the purloined handkerchief
Download
Skip this Video
Download Presentation
The Purloined Handkerchief

Loading in 2 Seconds...

play fullscreen
1 / 16

The Purloined Handkerchief - PowerPoint PPT Presentation


  • 194 Views
  • Uploaded on

The Purloined Handkerchief. By Ian Palmer Nick Rowe Ethan Long. John O. Jordan. The Handkerchief Motif. In the 1820’s and 1830’s handkerchiefs: Determined social status Common among all people Were considered to be an article of luxury Can be seen as a 19 th Century Rolex.

loader
I am the owner, or an agent authorized to act on behalf of the owner, of the copyrighted work described.
capcha
Download Presentation

PowerPoint Slideshow about 'The Purloined Handkerchief' - jenn


An Image/Link below is provided (as is) to download presentation

Download Policy: Content on the Website is provided to you AS IS for your information and personal use and may not be sold / licensed / shared on other websites without getting consent from its author.While downloading, if for some reason you are not able to download a presentation, the publisher may have deleted the file from their server.


- - - - - - - - - - - - - - - - - - - - - - - - - - E N D - - - - - - - - - - - - - - - - - - - - - - - - - -
Presentation Transcript
the purloined handkerchief

The Purloined Handkerchief

By

Ian Palmer

Nick Rowe

Ethan Long

John O. Jordan

the handkerchief motif
The Handkerchief Motif
  • In the 1820’s and 1830’s handkerchiefs:
    • Determined social status
    • Common among all people
    • Were considered to be an article of luxury
      • Can be seen as a 19th Century Rolex
the purloined letter
The Purloined Letter
  • Jordan offers that Dickens was attempting to parallel the Purloin Letter by Edgar Allen Poe.
    • Oliver’s missing father is marked in the novel by both letters and written documents that were kept secret by Monks such as:
      • The will
      • The letter
      • And the unnamed proofs
the handkerchief class system
The Handkerchief Class System
  • Lower class handkerchiefs were:
    • Cotton
    • Worn around the neck
      • They were weary of the gallows.
    • Used for shielding the sun and for wiping sweat
    • Stole handkerchiefs from the wealthy
class system cont
Class System (cont.)
  • Middle class handkerchiefs were:
    • Cotton
    • Worn in trouser pockets (we concluded in modern day they could be worn around the head also)
    • Usually solid colored
class system cont again
Class System (cont. again)
  • Upper class handkerchiefs were:
    • Silk
    • Worn in lapel pockets
    • Patterned
    • Stitched with the owner’s name
bumble s kercheifs
Bumble’s ‘Kercheifs
  • Mr. Bumble had one handkerchief in his hat and one in his pocket.
    • This can be seen as an attempt to gain a higher social status.
  • He removed the ‘kerchief from his hat to wipe his brow.
    • Symbolizes poverty
  • He removed the other ‘kerchief from his pocket when having tea.
    • Symbolizes wealth
dickens key points
Dickens’ Key Points
  • “Clothes are a powerful way of marking social distinction in a class society…”
  • “Power itself is often vested in clothing or social roles rather than the person.”
  • “Dress codes function not just as a differential system of classification, but as a means of social control; whereby institutions like the workhouse identify and regulate members of the lower class.”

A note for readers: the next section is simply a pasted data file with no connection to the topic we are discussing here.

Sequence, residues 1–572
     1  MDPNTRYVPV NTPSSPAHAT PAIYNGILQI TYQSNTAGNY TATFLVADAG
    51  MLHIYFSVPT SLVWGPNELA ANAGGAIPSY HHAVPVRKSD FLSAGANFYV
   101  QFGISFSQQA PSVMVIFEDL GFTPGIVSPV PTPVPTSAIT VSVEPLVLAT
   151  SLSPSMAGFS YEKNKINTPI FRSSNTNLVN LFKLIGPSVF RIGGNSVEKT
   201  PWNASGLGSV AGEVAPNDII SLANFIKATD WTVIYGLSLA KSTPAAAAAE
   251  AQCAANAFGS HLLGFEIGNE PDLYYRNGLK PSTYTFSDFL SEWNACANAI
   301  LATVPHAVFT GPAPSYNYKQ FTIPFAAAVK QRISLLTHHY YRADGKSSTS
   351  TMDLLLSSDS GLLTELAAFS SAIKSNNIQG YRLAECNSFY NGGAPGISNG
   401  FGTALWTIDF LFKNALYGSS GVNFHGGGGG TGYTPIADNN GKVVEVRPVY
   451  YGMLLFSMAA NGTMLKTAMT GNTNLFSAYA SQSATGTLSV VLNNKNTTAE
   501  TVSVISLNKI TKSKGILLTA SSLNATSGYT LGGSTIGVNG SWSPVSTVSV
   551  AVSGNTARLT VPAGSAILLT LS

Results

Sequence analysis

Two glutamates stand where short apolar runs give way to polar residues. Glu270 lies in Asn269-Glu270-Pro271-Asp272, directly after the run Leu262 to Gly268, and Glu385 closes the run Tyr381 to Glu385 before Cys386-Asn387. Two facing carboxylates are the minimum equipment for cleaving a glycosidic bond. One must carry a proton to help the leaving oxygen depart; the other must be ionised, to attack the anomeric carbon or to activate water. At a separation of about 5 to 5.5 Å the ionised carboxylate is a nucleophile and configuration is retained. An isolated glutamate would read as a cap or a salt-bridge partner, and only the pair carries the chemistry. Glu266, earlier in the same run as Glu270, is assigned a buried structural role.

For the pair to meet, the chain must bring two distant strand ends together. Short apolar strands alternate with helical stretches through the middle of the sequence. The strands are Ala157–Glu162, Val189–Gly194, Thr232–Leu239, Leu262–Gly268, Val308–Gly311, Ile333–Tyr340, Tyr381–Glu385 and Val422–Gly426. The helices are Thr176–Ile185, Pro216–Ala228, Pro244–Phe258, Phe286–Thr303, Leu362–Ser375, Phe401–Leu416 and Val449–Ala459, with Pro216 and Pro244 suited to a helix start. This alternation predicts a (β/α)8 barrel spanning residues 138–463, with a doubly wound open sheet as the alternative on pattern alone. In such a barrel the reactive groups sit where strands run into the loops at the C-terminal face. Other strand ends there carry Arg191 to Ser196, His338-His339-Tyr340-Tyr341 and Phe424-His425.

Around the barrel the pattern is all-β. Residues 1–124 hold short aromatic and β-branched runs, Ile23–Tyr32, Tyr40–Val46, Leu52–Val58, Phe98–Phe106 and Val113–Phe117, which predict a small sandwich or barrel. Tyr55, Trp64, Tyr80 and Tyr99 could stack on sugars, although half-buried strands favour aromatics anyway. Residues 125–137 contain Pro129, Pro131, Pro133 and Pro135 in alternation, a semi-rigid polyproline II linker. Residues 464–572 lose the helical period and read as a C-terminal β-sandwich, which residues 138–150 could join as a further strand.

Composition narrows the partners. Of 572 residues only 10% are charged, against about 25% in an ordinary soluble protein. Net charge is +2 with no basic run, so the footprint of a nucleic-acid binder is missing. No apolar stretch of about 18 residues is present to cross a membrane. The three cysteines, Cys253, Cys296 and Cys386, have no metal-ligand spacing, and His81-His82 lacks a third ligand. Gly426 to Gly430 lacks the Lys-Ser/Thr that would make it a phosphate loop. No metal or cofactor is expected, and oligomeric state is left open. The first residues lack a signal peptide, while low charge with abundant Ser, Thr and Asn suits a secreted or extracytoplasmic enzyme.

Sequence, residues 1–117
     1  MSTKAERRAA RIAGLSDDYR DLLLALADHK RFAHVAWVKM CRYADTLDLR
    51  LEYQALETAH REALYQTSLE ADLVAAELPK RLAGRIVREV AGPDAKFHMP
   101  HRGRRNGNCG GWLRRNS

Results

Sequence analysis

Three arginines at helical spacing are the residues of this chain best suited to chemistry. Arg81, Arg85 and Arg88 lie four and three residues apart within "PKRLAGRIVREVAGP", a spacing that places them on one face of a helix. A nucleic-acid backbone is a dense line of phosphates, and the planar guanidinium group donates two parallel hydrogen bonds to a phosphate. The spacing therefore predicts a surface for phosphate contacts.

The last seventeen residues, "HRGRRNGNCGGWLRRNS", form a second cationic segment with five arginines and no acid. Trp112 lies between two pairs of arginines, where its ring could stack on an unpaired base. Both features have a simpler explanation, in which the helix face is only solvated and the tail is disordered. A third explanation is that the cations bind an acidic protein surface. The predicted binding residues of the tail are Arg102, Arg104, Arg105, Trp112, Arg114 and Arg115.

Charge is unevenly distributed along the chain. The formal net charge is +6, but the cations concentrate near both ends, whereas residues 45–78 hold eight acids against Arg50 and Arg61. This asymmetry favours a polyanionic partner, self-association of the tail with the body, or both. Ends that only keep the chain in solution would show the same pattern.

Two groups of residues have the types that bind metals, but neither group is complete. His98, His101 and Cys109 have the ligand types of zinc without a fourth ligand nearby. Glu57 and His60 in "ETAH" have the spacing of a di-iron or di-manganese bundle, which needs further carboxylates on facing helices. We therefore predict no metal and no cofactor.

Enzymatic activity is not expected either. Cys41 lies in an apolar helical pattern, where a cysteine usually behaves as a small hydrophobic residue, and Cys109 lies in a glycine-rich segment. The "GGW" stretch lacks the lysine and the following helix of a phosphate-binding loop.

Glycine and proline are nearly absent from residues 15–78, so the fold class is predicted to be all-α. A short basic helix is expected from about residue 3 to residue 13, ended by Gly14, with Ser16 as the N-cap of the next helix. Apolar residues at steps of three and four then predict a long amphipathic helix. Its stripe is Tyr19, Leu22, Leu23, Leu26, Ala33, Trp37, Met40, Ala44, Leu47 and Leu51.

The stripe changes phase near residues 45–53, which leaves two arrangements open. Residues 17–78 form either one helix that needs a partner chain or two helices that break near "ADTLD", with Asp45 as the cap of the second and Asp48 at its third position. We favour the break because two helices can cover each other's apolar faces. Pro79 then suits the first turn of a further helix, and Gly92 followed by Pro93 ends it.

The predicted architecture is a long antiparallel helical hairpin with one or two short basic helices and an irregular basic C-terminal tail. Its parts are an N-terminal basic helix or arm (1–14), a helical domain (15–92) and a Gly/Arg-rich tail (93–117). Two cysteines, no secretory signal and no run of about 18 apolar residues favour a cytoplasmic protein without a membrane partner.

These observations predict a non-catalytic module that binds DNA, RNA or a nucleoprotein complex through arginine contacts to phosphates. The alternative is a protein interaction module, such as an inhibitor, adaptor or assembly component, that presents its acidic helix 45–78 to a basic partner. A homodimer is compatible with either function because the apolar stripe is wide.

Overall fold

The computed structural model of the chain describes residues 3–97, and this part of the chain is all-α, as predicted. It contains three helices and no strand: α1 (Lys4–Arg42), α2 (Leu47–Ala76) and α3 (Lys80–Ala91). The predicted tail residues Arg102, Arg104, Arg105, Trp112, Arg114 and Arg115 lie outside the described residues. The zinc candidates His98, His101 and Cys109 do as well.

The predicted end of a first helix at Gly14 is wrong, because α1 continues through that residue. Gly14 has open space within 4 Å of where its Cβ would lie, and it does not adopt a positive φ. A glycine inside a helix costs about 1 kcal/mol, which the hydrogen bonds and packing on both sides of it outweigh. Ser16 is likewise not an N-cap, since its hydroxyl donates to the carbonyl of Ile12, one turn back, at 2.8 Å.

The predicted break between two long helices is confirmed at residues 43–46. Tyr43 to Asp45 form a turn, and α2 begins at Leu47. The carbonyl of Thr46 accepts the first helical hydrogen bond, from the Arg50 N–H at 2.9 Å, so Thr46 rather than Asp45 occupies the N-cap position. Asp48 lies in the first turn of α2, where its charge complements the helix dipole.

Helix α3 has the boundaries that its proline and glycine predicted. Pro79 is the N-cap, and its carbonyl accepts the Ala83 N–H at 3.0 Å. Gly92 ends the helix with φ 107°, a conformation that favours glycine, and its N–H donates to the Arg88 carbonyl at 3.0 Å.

handkerchiefs and hangings
Handkerchiefs and Hangings
  • Neckerchiefs were worn by thieves and criminals.
    • They served as a form of protection for a sensitive area.
    • They also served as a reminder of the “figurative noose” that was around their necks.
examples of criminal use
Examples of Criminal Use
  • On several instances Sikes attacked people’s throats.
  • Sikes attempts to drown his dog by tying a handkerchief around its neck.
  • The man in the white waistcoat says Oliver was predestined to be hanged.
    • As a result Oliver wants to hang himself with a handkerchief; however was too poor to afford one.
  • Fagin is seen with a bare throat.
    • Because of his great vulnerability to the present danger.
      • He also ties up his “booty” or jewels with a handkerchief.
other connections
Other Connections
  • The search was marked by woven materials.
  • A “patchwork coverlet” was put over a dead woman’s body.
  • There is an “old blanket” that covers the dead body of the old lady when Mr. Sowerberry goes to retrieve the body.
  • At the Brownlow’s home Oliver sees Miss Bedwin appear through the curtains.
other other connections
Other Other Connections
  • Dickens describes a “dusky curtain” that hangs over Brownlow’s memory that prevents him from recognizing Oliver from the portrait of his mother.
    • The portrait itself is painted on canvas.
  • Sikes throws a rug over Nancy’s body after he murders her.
nancy
Nancy
  • Nancy’s handkerchief is white.
    • Suggests purity despite the terrible conditions she lives in
  • Her handkerchief was given to her by Rose.
    • Signifies the sisterly bond between their different social classes.
      • They were still equal in their devotion to Oliver.
    • Suggests that it has story value
      • It was traded for information about Oliver.
more nancy
More Nancy
  • Nancy’s handkerchief contained religious significance.
    • She holds it in front of her face before Sikes kills her.
      • “She lifts it towards Heaven and breathes on prayer of mercy to her Maker.”
oliver
Oliver
  • Jordan suggests that Oliver is a purloin handkerchief throughout the text, simply waiting to be claimed.
  • He is a blank handkerchief however. Others like Fagin try to inscribe on him.
  • Fagin starts him by picking the marks out of handkerchiefs.
    • This signifies Oliver’s abandonment of himself and his heritage.
bibliography
Bibliography
  • Jordan, John O. “The Purloin Handkerchief” Oliver Twist. Ed. Fred Kaplan. New York: Norton, 1993. 580-93.
ad